- A new report from the Government Accountability Office reveals that over $1 billion worth of coronavirus stimulus checks were sent to dead people.
- The IRS and Treasury Department have sent over 1 million stimulus checks to people who passed away, which accounts for a little less than 1% of the total payments.
- Once the Treasury Department was made aware of the issue, it consulted with legal counsel and began asking people to send those checks back.
As cities and states all around the US began to shut down to keep their residents safe from the novel coronavirus, it immediately became clear that the federal government would need to intervene to help the millions of Americans that would soon be out of work. The Coronavirus Aid, Relief, and Economic Security (CARES) Act included provisions for American workers, such as boosted unemployment benefits and resources for small businesses, but nothing in the bill received as quite as much attention or sparked as much discussion as the stimulus checks.
Officially referred to as Economic Impact Payments, these checks have been sent to millions of Americans over the past few months, but it turns out that not everyone who received $1,200 from the Internal Revenue Service and the Department of the Treasury will actually be able to use it. According to the U.S. Government Accountability Office, over 1 million Economic Impact Payments have been disbursed to deceased individuals.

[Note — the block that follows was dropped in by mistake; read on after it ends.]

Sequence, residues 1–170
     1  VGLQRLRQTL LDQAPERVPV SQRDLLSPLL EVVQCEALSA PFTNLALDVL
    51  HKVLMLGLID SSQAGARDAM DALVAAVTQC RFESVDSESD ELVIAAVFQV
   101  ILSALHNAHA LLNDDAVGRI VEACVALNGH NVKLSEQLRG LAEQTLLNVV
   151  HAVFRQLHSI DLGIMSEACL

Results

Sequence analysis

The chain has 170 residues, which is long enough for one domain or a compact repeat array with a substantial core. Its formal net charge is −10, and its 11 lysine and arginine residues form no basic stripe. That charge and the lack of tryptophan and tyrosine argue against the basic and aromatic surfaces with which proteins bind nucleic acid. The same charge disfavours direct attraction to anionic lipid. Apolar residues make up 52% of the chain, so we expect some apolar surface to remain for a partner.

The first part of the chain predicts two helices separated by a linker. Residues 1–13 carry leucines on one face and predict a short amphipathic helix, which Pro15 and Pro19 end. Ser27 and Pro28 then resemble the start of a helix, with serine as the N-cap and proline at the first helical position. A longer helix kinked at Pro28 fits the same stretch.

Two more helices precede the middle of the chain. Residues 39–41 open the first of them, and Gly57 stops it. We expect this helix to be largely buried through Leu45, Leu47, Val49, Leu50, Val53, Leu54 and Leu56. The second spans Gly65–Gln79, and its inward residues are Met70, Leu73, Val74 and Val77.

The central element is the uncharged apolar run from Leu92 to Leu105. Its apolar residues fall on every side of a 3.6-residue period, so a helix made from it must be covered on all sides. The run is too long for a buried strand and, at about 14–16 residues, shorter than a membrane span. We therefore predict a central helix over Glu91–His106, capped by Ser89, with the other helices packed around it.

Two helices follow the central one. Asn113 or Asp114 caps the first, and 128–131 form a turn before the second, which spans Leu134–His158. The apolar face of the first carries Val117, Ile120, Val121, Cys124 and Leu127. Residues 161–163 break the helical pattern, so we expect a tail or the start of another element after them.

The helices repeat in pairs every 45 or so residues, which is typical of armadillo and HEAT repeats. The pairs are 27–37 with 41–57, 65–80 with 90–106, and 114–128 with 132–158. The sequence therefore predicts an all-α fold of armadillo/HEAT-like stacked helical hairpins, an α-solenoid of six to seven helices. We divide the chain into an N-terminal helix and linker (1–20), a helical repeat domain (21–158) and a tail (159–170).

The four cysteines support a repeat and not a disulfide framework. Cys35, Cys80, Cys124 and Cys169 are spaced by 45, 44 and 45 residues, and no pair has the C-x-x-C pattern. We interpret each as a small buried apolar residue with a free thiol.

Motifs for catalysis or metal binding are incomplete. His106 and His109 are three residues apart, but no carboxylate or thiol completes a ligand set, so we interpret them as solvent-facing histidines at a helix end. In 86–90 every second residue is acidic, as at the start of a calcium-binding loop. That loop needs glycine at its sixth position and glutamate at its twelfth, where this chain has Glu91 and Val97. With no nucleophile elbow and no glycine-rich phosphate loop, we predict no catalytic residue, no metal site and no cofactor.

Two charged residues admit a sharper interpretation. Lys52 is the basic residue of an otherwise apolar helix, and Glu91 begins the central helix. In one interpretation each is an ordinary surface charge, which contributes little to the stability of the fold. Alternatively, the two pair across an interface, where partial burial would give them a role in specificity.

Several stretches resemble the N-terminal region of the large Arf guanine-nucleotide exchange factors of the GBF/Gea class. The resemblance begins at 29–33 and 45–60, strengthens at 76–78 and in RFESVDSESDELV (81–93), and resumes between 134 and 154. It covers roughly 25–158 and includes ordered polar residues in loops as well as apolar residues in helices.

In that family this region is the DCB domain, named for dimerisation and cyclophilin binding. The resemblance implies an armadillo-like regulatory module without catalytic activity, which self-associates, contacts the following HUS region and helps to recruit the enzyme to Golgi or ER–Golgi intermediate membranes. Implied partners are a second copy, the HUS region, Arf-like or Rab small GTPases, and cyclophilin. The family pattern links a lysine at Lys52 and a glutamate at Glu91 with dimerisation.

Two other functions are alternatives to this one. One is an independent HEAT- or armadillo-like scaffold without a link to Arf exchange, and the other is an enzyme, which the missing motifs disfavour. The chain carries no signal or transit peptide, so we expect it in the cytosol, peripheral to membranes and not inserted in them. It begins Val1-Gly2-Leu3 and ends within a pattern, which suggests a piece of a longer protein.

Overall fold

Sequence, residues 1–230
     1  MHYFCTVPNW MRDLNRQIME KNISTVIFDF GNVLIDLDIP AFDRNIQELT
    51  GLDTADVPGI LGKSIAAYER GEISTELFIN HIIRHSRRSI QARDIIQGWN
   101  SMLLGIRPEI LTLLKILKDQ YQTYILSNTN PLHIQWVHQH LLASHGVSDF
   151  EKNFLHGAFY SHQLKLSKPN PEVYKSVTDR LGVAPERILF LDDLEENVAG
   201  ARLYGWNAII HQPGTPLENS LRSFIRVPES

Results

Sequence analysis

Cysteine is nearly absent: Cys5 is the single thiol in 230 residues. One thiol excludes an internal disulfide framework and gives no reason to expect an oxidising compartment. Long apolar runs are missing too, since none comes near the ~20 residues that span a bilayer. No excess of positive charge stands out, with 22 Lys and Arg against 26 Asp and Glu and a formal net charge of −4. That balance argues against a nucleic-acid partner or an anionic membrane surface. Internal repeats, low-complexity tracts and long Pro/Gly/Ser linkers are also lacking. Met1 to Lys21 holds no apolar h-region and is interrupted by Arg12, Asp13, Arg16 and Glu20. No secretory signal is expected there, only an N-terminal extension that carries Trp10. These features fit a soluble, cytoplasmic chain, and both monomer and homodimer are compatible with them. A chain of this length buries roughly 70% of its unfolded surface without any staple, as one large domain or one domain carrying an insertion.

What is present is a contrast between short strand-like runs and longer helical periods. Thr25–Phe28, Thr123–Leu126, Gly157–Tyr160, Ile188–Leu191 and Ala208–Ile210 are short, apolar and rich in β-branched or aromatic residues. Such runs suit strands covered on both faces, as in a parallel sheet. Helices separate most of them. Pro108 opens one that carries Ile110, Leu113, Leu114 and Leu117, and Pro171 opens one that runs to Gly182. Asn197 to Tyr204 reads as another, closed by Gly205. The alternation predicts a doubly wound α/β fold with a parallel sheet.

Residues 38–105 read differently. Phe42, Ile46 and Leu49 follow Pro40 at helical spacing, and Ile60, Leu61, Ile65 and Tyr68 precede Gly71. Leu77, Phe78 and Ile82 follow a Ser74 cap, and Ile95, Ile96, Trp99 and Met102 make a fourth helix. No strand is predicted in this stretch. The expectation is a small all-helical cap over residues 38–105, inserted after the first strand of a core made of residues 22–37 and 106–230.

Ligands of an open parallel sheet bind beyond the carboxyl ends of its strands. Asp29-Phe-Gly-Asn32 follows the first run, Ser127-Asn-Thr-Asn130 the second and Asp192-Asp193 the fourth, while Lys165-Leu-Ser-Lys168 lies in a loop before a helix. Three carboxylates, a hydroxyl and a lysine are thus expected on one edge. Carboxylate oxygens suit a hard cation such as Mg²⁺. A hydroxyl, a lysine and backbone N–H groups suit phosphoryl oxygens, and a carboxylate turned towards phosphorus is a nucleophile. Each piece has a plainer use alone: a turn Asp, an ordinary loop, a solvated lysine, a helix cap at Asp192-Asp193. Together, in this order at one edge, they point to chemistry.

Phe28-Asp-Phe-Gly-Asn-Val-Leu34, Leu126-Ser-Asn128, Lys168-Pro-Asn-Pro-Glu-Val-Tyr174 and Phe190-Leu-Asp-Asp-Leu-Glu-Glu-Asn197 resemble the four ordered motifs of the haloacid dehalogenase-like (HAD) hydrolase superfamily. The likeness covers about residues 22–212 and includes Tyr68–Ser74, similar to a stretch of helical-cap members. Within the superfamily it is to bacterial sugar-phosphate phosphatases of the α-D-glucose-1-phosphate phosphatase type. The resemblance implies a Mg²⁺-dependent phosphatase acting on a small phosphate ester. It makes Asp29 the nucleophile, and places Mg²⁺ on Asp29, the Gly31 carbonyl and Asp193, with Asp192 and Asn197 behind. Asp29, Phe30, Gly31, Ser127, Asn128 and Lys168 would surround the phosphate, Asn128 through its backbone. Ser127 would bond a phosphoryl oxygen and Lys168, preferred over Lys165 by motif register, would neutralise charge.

Here’s what the congressional watchdog had to say on its WatchBlog earlier this week:
The Internal Revenue Service (IRS) and the Department of Treasury disbursed 160.4 million payments worth $269.3 billion. However, the agencies had trouble delivering payments to some individuals, risking fraud and making payments to ineligible individuals. For example, according to the Treasury’s Inspector General, as of April 30, almost 1.1 million payments totaling nearly $1.4 billion had gone to deceased people.
To put these numbers into perspective, 1.1 million payments account for less than seven tenths of one percent of the total number of stimulus payments. In the full report, the GAO provides additional context, explaining that the IRS and Treasury Department didn’t use “death records to stop payments to deceased individuals for the first three batches of payments because of the legal interpretation under which IRS was operating.” Those three batches account for 72% of the Economic Impact Payments that had been sent out as of May 31st.
The report goes on to reveal that the Treasury was unaware that payments might be going to decedents, and once officials of the department learned that dead people were receiving stimulus money, they consulted with legal counsel and “determined that a person is not entitled to receive a payment if he or she is deceased as of the date the payment is to be paid.” From the fourth batch onward, dead people stopped getting checks. This explains why the IRS updated its website in May to request that payments sent to decedents be returned.